Monday, August 29, 2022

Buying in for $1,000 at Graton


They should call this place The Palace!

I made my first trip ever to Graton Casino on a recent Sunday afternoon and I was impressed. It had the scale and feel of an on the strip Vegas casino, but it looked like a Saturday night in there on a Sunday at 1 pm with 2/3 of the 3,000 (!!) slot machines in use. 

The Poker Room (not pictured: a decent view of the poker tables)

I heard from the friends I was with who were Graton regs that you get $25 in free slot play if you sign up for a players card so I did. When I got to the poker room I discovered that you give them your card when you want to be added to the list for a game, your phone number is tied to your card and they text you when your seat is ready. The only options were $4/$8 limit, and $1/3 or $3/5 no limit.


I got called for the $4/$8 first. Looking at these chips triggered a memory from the distant past. My first casino poker experience was at Cache Creek which like Graton is a tribal casino. Seeing these worn out dirty chips brought me back to some of the most exciting sessions of my life, playing like absolute trash against toothless degenerates and filipino grandmothers on weekday afternoons in a smoke filled, poorly lit corner of the casino sweating $100 wins and losses like my life was at stake.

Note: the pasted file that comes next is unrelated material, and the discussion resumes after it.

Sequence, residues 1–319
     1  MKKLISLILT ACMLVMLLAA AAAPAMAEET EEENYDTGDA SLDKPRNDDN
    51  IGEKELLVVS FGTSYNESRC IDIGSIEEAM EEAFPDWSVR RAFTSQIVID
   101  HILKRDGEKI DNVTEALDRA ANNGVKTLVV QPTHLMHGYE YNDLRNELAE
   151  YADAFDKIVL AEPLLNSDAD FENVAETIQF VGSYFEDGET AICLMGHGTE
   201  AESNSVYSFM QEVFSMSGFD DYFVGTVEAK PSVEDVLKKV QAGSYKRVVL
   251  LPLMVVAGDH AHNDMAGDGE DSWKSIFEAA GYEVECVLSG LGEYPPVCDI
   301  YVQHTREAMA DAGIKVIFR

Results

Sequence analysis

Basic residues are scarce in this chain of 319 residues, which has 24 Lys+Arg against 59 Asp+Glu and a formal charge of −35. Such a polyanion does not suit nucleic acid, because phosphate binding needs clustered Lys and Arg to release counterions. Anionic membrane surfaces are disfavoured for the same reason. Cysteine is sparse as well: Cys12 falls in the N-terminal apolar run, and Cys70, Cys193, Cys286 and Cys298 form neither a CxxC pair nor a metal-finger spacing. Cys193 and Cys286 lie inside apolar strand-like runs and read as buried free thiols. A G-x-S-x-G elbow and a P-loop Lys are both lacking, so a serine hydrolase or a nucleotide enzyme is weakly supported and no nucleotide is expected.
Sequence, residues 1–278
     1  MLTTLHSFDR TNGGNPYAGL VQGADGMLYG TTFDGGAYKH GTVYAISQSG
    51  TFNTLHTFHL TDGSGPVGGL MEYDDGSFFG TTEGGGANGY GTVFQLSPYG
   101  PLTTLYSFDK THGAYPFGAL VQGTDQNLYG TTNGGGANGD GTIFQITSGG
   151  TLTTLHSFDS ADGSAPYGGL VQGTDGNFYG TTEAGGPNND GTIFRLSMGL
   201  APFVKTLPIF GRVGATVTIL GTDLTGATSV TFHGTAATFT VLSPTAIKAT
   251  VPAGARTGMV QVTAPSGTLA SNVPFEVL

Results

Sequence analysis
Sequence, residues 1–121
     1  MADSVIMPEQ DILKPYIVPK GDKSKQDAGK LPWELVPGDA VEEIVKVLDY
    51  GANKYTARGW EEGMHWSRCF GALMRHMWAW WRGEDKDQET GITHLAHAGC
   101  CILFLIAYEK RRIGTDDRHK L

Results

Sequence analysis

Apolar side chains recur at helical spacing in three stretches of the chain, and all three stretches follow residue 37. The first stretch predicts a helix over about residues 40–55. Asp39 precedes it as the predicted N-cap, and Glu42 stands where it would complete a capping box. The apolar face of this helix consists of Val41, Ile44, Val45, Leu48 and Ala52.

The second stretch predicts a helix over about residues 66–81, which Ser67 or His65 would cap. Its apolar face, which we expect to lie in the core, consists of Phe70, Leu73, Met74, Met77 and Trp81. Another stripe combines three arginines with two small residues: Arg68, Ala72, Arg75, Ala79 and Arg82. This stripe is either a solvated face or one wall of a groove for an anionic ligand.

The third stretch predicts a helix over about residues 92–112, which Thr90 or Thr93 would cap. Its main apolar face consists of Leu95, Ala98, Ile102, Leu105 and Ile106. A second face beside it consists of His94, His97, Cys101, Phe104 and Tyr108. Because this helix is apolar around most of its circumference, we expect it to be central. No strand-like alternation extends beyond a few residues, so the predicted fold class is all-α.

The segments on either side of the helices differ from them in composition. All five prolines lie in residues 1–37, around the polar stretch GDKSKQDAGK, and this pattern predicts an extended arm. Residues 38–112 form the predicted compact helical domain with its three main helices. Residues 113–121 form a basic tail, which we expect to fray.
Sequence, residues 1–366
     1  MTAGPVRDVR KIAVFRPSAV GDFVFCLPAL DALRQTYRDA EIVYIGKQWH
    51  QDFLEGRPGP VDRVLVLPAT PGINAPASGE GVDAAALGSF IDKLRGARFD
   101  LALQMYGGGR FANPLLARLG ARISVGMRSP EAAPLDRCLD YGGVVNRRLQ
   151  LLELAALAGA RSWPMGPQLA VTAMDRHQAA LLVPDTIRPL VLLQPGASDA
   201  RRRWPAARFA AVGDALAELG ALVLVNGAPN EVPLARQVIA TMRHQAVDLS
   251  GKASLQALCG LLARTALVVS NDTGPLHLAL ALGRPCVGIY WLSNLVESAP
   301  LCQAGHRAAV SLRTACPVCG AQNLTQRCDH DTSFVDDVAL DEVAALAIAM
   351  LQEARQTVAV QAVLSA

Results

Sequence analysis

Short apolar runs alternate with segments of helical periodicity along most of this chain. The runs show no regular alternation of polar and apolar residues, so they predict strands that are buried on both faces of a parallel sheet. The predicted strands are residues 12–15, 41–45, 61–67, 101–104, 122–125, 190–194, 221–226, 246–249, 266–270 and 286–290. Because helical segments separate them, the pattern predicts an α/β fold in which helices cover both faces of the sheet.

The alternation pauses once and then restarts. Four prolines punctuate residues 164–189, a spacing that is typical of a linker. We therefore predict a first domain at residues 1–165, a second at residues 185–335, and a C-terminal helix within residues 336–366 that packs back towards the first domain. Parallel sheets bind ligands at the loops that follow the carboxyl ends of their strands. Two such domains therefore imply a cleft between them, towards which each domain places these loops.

A dirty chip comparison (viking added for scale)

I'm really glad I hung on to one of those Cache Creek chips. Anyway, between the trip down memory lane and the PTSD of them raking $7 (!!!) out of every pot at a $4/$8 limit game I've blocked out what happened. Thankfully I was called for the $3/$5 game fairly quickly.